A History of Trade Unionism in the United States

By Selig Perlman | Go to book overview

CHAPTER 7
TRADE UNIONISM AND THE COURTS

While it was in the nineties that trade unionists first tasted the sweets of institutionalization in industry through "recognition" by employers, it was also during the later eighties and during the nineties that they experienced a revival of suspicion and hostility on the part of the courts and a renewal of legal restraints upon their activities, which were all the more discouraging since for a generation or more they had practically enjoyed noninterference from that quarter. It was at this period that the main legal weapons against trade unionism were forged and brought to a fine point in practical application. The history of the courts' attitude to trade unionism may therefore best be treated from the standpoint of the nineties.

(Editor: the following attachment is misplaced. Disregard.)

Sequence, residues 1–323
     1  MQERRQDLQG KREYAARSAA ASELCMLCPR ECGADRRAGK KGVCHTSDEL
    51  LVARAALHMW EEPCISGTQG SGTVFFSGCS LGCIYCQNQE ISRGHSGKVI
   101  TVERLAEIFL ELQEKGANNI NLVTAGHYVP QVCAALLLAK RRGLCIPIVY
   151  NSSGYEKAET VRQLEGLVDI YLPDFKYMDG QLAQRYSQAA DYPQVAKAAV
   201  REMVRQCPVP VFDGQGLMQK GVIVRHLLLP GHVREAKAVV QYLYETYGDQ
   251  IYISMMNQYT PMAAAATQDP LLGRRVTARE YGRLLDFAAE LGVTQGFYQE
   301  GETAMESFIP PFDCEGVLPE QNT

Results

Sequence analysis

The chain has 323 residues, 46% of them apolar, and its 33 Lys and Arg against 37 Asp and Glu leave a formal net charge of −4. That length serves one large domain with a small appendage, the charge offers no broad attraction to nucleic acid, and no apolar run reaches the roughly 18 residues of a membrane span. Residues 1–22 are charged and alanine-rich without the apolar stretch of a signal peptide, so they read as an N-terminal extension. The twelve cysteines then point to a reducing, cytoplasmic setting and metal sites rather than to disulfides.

The subject of court interference was not altogether new in the eighties. We took occasion to point out the effect of court interference in labor disputes in the first and second decades of the nineteenth century and again in the thirties. Mention was made also of the court's decision in the Theiss boycott case in New York in 1886, which proved a prime moving factor in launching the famous Henry George campaign for Mayor. And we gave due note to the rôle of court injunctions in the Debs strike of 1894 and in other strikes. Our present interest is, however, more in the court doctrines than in their effects: more concerned with the development of the legal

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